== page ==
A question: Did the headline for this review shock or disgust you? Upset you? Feel disrespectful? Capture your attention? Make you laugh? Make you angry? Pique your curiosity about this production? All of the above?
Well, if you answered yes to any or all of these questions, then perhaps I have given you a taste of my own ambivalence. This show is genuinely radical, brilliantly conceived and executed, extremely disturbing, very entertaining, and difficult to classify.
What on earth was in the mind of director Daniel Fish when he decided not so much to stage a revival of “Oklahoma!” as to stage a powerful attack on this American classic, and everything it seems to stand for?
In an effort to understand this powerful work, I found myself asking what DOES “Oklahoma!” stand for in American culture? And my answer is this: This great musical is a typical American foundation myth. It celebrates ideals of rugged individualism, of the “taming” of the American West, of the basic goodness of American culture and mythology. It certainly acknowledges problems and complexities but it is, basically, a celebration of American optimism. Why would anybody object to THAT?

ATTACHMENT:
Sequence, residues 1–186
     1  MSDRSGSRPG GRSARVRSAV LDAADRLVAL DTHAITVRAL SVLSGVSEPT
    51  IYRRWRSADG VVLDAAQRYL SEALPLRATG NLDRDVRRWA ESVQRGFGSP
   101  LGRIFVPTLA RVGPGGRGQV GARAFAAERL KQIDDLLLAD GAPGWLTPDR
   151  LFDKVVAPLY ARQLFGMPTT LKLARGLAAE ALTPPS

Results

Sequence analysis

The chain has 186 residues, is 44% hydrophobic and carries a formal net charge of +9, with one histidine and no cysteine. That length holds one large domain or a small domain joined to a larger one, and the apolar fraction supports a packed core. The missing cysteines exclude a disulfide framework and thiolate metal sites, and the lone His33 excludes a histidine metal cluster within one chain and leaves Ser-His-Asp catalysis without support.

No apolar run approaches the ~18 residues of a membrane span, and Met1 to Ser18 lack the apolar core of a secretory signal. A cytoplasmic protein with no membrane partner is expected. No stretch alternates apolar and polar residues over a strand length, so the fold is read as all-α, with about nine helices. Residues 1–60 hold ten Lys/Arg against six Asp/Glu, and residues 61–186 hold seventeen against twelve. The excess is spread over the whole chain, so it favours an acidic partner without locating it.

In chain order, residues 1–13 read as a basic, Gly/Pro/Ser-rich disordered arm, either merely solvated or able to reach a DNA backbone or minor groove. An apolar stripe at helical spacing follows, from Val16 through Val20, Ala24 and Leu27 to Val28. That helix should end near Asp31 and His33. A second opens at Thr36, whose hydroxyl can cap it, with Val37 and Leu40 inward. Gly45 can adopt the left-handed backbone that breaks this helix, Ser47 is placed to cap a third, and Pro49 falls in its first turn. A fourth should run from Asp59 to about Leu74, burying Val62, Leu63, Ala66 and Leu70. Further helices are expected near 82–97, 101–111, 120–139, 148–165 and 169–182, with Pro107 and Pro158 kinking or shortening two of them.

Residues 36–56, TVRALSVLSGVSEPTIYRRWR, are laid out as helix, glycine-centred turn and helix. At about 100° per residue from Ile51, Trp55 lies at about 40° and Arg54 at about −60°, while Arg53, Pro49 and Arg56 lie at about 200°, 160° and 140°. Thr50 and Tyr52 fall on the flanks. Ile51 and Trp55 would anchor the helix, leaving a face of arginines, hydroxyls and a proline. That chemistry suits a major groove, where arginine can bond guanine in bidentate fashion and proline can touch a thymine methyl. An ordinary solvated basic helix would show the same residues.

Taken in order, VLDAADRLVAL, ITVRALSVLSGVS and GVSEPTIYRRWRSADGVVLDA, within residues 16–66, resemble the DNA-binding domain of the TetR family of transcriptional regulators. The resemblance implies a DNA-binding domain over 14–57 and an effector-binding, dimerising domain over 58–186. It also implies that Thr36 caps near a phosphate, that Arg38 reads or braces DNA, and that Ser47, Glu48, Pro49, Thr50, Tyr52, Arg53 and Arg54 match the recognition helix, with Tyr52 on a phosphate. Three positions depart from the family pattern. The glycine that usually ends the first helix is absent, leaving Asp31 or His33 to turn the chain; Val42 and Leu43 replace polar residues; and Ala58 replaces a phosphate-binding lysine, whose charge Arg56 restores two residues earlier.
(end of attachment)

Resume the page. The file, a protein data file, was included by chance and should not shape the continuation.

Well, in today’s world, there are a LOT of people who object to American optimism. For many, there doesn’t seem like there is that much to be optimistic about. From this perspective, one might note the persistence of racism and its continued pernicious effects. One might note the failure, overall, for the American government to have ever made good on promises to indigenous peoples, who continue to suffer under the effects of centuries of oprression. One might note that it would not be an exaggeration to say that, although it is not a majority view and is certainlly controversial, there is a growing class of public intellectuals, scholars, and ordinary thinkers who view the culture of America as being not that far removed from Nazi Germany. Indeed, there are those who might say that the equivalent of the fabled thousand year reich has been putting down deep roots in America for many generations, while we were looking the other way. And I haven’t even mentioned the growth of religious fascism, authoritarianism generally, condemnation of apparent outsiders, homophobia, transphobia and more.